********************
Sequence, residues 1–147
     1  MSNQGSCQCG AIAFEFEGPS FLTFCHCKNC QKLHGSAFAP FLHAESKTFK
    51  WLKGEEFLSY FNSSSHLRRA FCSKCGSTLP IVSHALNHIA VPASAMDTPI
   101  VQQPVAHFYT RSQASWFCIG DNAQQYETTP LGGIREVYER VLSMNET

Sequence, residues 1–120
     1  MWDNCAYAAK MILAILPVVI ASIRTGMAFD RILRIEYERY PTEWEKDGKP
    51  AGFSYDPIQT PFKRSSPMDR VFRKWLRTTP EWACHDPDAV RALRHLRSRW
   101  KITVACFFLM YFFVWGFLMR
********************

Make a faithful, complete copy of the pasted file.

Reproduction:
Sequence, residues 1–147
     1  MSNQGSCQCG AIAFEFEGPS FLTFCHCKNC QKLHGSAFAP FLHAESKTFK
    51  WLKGEEFLSY FNSSSHLRRA FCSKCGSTLP IVSHALNHIA VPASAMDTPI
   101  VQQPVAHFYT RSQASWFCIG DNAQQYETTP LGGIREVYER VLSMNET

Sequence, residues 1–120
     1  MWDNCAYAAK MILAILPVVI ASIRTGMAFD RILRIEYERY PTEWEKDGKP
    51  AGFSYDPIQT PFKRSSPMDR VFRKWLRTTP EWACHDPDAV RALRHLRSRW
   101  KITVACFFLM YFFVWGFLMR